Among my respected spirit friends at Chicago’s Art Institute is this three-part basalt sculpture called Islands. It is by Izumi Masatoshi, the Japanese artist and stone cutter. He did all of Isamu Noguchi’s stone cuttings from the mid 1960s until Noguchi’s death in 1988. This is one of Masatoshi’s own pieces.
The Japanese culture has great reverence for nature and large segments of their art is based on their resonance with various natural elements.
In some of their work, Masatoshi and the American-born Noguchi focus on the natural beauty of stone.
Their striking abstract pieces are profoundly delicate yet powerfully respectful of the spirit inside the stone.
Noguchi was strongly influenced by the Italian sculptor Constantin Brancusi and that artistic sensibility is also strongly present in both Noguchi and Masatoshi’s works.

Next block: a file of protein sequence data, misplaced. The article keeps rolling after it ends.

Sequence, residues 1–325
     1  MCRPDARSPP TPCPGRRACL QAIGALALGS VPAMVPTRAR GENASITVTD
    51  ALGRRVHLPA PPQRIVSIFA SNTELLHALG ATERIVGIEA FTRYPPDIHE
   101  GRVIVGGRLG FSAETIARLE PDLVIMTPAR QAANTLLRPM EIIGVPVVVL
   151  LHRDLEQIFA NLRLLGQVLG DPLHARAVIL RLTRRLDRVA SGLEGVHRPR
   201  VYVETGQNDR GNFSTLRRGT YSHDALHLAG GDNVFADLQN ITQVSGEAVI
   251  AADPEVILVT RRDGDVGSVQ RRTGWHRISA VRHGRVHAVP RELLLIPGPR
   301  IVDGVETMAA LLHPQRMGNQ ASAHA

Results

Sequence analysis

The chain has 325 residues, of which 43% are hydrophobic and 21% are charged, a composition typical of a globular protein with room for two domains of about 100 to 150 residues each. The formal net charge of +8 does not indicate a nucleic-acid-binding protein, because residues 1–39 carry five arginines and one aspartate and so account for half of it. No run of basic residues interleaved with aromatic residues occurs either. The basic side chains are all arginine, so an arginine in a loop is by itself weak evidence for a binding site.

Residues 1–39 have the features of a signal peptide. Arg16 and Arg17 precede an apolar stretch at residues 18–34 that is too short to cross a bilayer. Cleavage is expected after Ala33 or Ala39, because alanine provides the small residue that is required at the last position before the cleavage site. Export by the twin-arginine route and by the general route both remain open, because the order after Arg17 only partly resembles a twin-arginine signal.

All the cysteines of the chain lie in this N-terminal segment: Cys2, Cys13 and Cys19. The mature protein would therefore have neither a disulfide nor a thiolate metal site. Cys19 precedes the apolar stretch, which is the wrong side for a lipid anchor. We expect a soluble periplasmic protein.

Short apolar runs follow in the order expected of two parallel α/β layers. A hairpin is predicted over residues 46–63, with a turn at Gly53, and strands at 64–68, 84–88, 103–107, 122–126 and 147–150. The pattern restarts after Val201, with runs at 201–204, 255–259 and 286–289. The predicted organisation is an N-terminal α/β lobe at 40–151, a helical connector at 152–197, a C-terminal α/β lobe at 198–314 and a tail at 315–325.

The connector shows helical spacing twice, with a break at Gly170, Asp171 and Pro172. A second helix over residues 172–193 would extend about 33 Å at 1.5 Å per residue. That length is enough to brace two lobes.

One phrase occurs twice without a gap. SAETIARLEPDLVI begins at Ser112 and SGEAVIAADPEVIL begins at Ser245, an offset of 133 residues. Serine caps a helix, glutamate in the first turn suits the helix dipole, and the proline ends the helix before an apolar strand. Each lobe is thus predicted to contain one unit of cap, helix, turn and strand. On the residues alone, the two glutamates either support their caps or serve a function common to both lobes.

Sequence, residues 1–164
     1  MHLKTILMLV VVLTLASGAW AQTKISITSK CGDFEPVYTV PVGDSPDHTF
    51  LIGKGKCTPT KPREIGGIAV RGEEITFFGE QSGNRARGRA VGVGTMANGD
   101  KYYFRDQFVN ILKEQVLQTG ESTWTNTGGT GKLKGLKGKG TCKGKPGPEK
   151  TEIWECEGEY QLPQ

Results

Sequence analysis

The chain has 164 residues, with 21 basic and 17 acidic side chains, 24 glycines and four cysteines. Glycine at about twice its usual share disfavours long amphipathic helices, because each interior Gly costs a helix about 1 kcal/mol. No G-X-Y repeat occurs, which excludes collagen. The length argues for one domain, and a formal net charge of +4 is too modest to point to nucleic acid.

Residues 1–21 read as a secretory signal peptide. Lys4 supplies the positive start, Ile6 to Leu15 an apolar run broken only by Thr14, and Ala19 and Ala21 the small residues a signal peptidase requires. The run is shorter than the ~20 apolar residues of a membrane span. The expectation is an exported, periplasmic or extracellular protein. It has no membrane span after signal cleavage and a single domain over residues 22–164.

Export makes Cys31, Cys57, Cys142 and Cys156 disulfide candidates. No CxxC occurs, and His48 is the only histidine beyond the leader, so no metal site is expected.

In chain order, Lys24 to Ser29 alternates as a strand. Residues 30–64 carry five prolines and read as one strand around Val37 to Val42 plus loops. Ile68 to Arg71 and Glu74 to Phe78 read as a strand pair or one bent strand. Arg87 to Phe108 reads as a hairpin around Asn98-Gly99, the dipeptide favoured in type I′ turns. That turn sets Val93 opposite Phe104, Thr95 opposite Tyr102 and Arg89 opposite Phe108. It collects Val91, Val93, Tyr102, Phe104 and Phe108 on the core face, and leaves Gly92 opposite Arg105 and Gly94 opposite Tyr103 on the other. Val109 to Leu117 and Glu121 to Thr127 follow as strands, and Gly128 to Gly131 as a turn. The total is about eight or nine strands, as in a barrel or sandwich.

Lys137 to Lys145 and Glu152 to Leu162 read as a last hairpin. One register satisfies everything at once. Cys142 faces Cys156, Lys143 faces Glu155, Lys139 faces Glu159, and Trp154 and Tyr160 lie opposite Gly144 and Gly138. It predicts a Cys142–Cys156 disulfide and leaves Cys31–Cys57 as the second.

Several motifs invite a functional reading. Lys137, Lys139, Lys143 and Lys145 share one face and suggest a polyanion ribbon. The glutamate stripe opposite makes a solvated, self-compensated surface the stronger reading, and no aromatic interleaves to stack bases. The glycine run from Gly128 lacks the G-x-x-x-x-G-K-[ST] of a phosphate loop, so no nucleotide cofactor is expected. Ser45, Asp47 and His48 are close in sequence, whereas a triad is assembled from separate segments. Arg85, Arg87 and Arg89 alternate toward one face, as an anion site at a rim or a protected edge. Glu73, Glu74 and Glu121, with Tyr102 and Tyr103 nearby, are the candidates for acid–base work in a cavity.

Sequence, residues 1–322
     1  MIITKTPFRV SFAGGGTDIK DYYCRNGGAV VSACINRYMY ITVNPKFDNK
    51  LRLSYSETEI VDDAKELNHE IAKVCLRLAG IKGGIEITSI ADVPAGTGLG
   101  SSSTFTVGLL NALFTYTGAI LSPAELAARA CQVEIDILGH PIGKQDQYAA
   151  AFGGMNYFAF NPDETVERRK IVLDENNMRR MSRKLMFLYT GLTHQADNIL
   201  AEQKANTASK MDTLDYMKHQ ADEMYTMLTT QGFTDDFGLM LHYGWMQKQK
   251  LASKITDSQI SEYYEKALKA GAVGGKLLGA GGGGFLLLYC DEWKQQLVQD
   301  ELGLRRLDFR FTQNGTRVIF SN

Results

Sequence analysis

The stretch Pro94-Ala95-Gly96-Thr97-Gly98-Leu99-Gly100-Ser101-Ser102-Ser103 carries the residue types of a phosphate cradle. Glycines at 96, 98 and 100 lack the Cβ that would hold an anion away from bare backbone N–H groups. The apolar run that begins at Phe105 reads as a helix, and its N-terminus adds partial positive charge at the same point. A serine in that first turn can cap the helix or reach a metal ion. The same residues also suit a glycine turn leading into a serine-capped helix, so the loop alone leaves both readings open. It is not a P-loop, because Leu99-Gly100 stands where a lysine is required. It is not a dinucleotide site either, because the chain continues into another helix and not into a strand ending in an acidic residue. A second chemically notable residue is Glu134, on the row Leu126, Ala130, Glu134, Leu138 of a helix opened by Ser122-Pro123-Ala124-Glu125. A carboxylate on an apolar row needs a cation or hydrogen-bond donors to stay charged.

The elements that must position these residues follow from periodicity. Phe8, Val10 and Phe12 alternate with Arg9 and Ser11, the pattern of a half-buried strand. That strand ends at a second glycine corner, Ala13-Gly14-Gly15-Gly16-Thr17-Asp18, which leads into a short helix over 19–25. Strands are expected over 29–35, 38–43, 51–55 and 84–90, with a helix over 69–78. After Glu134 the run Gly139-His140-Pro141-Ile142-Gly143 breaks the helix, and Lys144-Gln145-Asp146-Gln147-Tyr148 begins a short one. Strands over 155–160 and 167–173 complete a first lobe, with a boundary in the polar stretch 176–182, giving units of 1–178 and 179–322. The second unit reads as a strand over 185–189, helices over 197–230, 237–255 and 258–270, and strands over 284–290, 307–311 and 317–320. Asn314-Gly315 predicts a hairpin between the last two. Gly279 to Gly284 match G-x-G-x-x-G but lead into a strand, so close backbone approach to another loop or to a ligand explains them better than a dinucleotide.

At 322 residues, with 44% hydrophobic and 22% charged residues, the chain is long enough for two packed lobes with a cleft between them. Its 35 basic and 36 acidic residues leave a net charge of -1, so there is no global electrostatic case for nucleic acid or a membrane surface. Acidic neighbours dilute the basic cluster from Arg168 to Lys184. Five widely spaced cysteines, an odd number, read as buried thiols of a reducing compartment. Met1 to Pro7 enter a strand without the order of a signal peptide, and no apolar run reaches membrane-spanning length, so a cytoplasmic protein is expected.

The Art Work
This three-part stone statement has been in the Art Institute’s collection since 2000. It resides beneath a gracefully curved staircase that links two floors and several exhibit areas.
I have been visiting with my friends here since the art work went on display. I have enjoyed how the various architectural and stone energies, which I found at one time incongruous and uncertain in their sharing of this space, have gradually blended. The artistic statement is now totally unified.
This is an abstract piece that has emerged from natural basalt. Its own inherent rock spirit, still strongly present, has grown over time. The front section now has several manifested images. You can see a face on the front, with a long slanted eye. The second is a smaller face, peaceful and detached, that has formed on the left side of the front stone.